Lagarde confiscated the phones of her colleagues at the European Central Bank to prevent leaks

European Central Bank (ECB) President Christine Lagarde speaks to the media after the Governing Council’s monetary policy meeting at the ECB’s headquarters in Frankfurt, Germany, on July 27, 2023. REUTERS/Kai Pfaffenbach/File Photo Obtaining licensing rights

  • Phones of political decision makers taken before Buch’s nomination
  • Lagarde criticized the leak of inflation expectations

FRANKFURT/Santiago de Compostela (Reuters) – European Central Bank President Christine Lagarde confiscated the mobile phones of fellow policymakers at a meeting this week and reprimanded them for leaking crucial information before a policy decision was made, two sources told Reuters.

This unprecedented move is the boldest step Lagarde has taken to stop information leaking from the board of directors, an issue that has plagued her presidency as well as that of her predecessor, Mario Draghi.

The 26 board members were asked to hand in their mobile phones on Wednesday, the first day of the meeting, as policymakers were about to select Claudia Buch as the European Central Bank’s top banking supervisor, the sources familiar with the matter said.

The sources added that the phones were returned after the announcement of Bush’s nomination to head the unified supervisory council, which supervises more than a hundred of the largest lenders in the euro zone.

The sources said the decision was made because the choice of current president Andrea Enria in 2018 appeared in the media before the official release.

A European Central Bank spokesman declined to comment.

Lagarde’s move came a day after Reuters exclusively revealed that the European Central Bank will raise key inflation forecasts this week, paving the way for an interest rate hike on Thursday.

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Most economists and traders had expected the ECB to keep interest rates unchanged, but many changed their view after the Reuters report was published late on Tuesday.

Lagarde denounced the leak at the start of the two-day meeting, a criticism echoed by many of her colleagues.


Lagarde inherited a divided board of governors from Draghi, who alienated so-called hawks in the northern eurozone with his ultra-loose monetary policy and arrogant management style.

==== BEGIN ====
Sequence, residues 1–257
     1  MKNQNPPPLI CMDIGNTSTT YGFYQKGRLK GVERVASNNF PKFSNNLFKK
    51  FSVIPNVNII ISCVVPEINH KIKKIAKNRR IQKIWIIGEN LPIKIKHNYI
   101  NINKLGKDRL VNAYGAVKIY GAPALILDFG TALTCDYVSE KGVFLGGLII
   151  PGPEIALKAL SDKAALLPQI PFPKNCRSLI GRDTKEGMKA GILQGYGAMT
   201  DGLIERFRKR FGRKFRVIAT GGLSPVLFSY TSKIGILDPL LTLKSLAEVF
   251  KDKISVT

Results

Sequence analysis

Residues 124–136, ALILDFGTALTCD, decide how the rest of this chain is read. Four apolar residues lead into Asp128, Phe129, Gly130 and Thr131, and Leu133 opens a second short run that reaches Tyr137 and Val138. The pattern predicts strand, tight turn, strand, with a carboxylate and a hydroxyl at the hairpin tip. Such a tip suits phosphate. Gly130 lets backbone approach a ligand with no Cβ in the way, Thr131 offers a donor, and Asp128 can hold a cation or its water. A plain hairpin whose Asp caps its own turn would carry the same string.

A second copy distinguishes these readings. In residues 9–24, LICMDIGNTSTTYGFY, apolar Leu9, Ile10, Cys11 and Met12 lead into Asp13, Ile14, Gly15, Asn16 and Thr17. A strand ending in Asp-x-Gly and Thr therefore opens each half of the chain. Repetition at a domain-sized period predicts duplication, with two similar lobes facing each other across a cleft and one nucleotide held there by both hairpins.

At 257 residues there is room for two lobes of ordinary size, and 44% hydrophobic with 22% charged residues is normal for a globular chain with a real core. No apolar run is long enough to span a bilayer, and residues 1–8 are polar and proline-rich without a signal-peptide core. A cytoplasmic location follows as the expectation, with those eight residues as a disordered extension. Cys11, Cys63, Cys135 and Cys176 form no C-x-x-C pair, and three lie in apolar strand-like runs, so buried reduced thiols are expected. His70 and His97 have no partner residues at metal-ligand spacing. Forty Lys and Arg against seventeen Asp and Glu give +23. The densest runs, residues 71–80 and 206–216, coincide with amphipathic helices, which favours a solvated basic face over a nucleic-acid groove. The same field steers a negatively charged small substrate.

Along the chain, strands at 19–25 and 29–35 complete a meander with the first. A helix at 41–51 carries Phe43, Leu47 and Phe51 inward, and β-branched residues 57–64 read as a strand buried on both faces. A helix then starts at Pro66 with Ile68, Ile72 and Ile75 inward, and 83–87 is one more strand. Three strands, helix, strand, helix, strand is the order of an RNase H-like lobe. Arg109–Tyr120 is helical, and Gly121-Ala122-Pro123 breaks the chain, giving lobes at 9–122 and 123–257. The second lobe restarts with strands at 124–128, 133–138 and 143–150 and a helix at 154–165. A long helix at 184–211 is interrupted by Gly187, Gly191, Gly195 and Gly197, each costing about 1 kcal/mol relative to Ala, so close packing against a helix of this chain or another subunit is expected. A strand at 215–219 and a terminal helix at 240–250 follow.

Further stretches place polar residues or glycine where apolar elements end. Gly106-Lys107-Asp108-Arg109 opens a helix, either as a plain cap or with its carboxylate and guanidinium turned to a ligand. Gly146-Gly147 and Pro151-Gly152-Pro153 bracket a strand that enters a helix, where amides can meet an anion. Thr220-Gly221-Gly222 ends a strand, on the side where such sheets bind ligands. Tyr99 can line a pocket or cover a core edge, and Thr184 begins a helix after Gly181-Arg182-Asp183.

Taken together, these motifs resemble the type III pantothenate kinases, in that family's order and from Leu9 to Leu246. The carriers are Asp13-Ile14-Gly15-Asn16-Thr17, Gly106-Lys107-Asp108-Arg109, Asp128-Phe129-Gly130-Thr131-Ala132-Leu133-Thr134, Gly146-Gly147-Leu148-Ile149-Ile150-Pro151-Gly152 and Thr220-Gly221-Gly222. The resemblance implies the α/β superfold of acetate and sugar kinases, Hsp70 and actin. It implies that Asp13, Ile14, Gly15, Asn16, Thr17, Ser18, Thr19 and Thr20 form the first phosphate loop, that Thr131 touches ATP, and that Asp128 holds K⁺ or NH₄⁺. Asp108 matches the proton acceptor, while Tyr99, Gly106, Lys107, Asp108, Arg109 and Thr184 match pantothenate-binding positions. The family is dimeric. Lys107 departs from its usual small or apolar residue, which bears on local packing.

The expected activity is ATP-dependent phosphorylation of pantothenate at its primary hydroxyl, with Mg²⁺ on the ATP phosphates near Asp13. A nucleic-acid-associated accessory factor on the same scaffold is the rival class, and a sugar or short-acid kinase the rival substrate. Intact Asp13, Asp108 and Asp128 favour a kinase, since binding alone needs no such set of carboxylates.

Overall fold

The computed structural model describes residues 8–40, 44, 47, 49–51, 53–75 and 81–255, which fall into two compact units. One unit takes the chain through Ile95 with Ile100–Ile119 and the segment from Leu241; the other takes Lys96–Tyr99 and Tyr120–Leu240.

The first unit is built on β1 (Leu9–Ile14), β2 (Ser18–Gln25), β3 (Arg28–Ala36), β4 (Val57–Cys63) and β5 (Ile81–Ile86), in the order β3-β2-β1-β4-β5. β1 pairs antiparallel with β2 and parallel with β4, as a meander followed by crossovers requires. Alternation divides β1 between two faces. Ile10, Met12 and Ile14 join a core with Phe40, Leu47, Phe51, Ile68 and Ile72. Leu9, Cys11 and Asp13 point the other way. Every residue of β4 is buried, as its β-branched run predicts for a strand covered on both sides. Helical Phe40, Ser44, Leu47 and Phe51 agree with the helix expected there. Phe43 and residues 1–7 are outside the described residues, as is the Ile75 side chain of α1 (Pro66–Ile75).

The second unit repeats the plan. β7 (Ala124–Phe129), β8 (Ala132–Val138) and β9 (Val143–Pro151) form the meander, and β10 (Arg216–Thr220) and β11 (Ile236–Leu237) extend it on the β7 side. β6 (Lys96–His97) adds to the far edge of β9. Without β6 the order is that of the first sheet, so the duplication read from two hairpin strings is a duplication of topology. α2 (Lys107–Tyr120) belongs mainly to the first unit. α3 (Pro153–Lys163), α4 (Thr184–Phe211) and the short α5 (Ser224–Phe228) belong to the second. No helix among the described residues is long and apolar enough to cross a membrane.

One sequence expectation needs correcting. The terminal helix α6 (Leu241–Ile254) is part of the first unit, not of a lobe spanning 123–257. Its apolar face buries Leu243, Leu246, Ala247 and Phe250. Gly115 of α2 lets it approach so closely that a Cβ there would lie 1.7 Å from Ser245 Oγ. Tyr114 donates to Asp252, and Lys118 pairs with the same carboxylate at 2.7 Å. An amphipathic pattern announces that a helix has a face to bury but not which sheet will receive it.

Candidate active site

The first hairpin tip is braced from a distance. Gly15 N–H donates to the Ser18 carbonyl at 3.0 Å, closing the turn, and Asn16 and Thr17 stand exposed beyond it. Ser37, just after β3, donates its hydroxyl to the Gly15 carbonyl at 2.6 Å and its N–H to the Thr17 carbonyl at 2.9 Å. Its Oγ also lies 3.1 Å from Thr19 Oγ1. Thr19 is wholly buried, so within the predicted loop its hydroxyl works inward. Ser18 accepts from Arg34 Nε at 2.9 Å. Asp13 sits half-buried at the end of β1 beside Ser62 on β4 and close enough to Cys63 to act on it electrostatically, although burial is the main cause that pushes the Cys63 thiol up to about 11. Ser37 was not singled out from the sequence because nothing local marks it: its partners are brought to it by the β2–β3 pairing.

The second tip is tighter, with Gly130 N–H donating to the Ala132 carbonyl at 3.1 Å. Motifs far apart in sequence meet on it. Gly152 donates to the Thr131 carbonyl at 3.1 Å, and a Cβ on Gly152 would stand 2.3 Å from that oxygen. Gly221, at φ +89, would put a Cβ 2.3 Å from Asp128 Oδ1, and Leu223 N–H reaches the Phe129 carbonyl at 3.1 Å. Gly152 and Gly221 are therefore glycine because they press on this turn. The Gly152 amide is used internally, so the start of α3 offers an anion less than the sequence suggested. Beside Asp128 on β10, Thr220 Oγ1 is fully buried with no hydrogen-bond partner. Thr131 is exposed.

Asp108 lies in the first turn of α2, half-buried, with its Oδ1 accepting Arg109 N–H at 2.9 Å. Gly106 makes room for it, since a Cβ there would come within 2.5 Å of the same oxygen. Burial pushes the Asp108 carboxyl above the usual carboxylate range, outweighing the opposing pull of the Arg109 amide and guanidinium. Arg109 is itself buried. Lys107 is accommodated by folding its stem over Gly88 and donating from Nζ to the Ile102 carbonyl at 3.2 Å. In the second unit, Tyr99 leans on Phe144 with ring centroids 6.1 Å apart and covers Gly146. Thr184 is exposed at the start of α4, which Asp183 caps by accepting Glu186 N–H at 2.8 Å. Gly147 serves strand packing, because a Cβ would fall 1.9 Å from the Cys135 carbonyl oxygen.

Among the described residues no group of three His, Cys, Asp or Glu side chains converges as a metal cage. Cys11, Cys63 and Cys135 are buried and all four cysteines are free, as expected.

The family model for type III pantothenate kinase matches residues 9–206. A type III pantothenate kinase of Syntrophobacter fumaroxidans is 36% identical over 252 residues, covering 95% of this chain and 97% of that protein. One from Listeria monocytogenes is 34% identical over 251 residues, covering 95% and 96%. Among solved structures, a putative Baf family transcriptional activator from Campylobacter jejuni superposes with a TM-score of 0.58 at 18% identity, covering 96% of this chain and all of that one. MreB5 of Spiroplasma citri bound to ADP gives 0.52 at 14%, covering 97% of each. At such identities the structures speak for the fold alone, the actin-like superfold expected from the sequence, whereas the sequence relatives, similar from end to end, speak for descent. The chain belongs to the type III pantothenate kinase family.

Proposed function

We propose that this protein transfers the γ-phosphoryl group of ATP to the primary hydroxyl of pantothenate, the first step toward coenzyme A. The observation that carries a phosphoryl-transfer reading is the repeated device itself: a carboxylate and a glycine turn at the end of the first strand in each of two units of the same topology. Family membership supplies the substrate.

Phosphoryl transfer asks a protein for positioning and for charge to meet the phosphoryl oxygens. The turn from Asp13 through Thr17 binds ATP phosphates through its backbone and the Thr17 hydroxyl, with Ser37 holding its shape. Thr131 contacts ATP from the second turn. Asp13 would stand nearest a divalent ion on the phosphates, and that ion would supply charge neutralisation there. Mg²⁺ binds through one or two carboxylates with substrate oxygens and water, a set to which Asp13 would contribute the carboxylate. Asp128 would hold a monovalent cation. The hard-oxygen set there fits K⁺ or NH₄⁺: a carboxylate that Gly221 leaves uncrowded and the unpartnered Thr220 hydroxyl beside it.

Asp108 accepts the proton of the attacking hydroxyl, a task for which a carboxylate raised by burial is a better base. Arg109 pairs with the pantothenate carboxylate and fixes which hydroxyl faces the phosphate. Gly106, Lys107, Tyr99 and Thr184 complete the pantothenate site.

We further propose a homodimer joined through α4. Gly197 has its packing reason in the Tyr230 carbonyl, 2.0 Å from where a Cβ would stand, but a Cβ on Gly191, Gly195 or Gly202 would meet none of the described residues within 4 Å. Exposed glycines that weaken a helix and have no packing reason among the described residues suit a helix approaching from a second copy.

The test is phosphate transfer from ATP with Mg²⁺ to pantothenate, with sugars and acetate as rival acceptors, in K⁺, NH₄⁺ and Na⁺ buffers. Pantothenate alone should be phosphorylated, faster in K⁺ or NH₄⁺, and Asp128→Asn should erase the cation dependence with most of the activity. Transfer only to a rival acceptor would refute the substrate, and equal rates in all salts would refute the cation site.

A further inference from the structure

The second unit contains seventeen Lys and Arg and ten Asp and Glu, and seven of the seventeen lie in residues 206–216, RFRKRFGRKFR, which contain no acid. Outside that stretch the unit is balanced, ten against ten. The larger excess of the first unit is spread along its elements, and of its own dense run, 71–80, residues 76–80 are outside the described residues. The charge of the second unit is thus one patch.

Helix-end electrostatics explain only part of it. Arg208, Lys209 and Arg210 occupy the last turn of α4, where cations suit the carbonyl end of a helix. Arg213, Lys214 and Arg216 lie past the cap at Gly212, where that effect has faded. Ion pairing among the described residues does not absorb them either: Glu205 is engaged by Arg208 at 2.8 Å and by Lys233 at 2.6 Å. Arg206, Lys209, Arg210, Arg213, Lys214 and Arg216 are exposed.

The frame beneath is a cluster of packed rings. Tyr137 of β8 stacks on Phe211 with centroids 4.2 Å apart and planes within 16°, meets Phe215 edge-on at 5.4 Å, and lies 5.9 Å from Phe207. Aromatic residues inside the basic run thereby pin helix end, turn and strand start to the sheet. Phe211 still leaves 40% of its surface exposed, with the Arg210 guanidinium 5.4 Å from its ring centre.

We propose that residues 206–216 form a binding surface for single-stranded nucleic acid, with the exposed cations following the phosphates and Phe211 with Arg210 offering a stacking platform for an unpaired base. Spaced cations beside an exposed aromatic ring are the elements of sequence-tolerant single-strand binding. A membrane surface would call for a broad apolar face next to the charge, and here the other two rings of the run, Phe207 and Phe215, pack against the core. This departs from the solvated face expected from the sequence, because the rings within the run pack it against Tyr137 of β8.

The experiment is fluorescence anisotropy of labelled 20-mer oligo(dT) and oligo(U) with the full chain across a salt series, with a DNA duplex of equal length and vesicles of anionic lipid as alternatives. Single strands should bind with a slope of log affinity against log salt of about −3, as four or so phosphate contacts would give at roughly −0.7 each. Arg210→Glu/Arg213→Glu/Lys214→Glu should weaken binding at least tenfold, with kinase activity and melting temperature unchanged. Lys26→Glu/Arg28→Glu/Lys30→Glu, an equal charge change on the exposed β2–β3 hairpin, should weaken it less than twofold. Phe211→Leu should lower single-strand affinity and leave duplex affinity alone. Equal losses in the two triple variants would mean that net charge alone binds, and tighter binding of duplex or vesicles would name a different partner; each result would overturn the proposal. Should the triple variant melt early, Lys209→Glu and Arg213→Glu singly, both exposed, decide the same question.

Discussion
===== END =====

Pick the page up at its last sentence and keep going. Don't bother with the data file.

She has steadily tried to create a more harmonious atmosphere and many sources agree that she has largely succeeded.

Ironically, its efforts have been aided by painfully high inflation rates over the past two years, which have narrowed the scope for opposition and effectively forced the European Central Bank to embark on a series of interest rate hikes.

But the sources said that as borrowing costs rose, more policymakers expressed reservations about further increases.

Lagarde said on Thursday that the latest increase had the support of a “large majority of Conservatives” compared to all of them in the previous increase in July and a “very broad consensus” a month ago.

Lagarde spared no effort in trying to attract her colleagues.

Weeks into her term in 2019, they gathered in a German mountain castle where she pledged to spend more time listening, and not make initial decisions before policymakers cast their votes, as Draghi has often been accused of doing.

In return, she asked state governors to stop wasting political decisions once they are made, keep internal conflicts out of the media and put away their phones while their colleagues talk.

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She also set informal guidelines last year instructing colleagues to present the majority view to the public after ECB policy decisions, which are published on Thursdays, and to withhold “personal” views until the following Monday.

Writing by Francesco Canepa. Edited by Mike Harrison

Our standards: Thomson Reuters Trust Principles.

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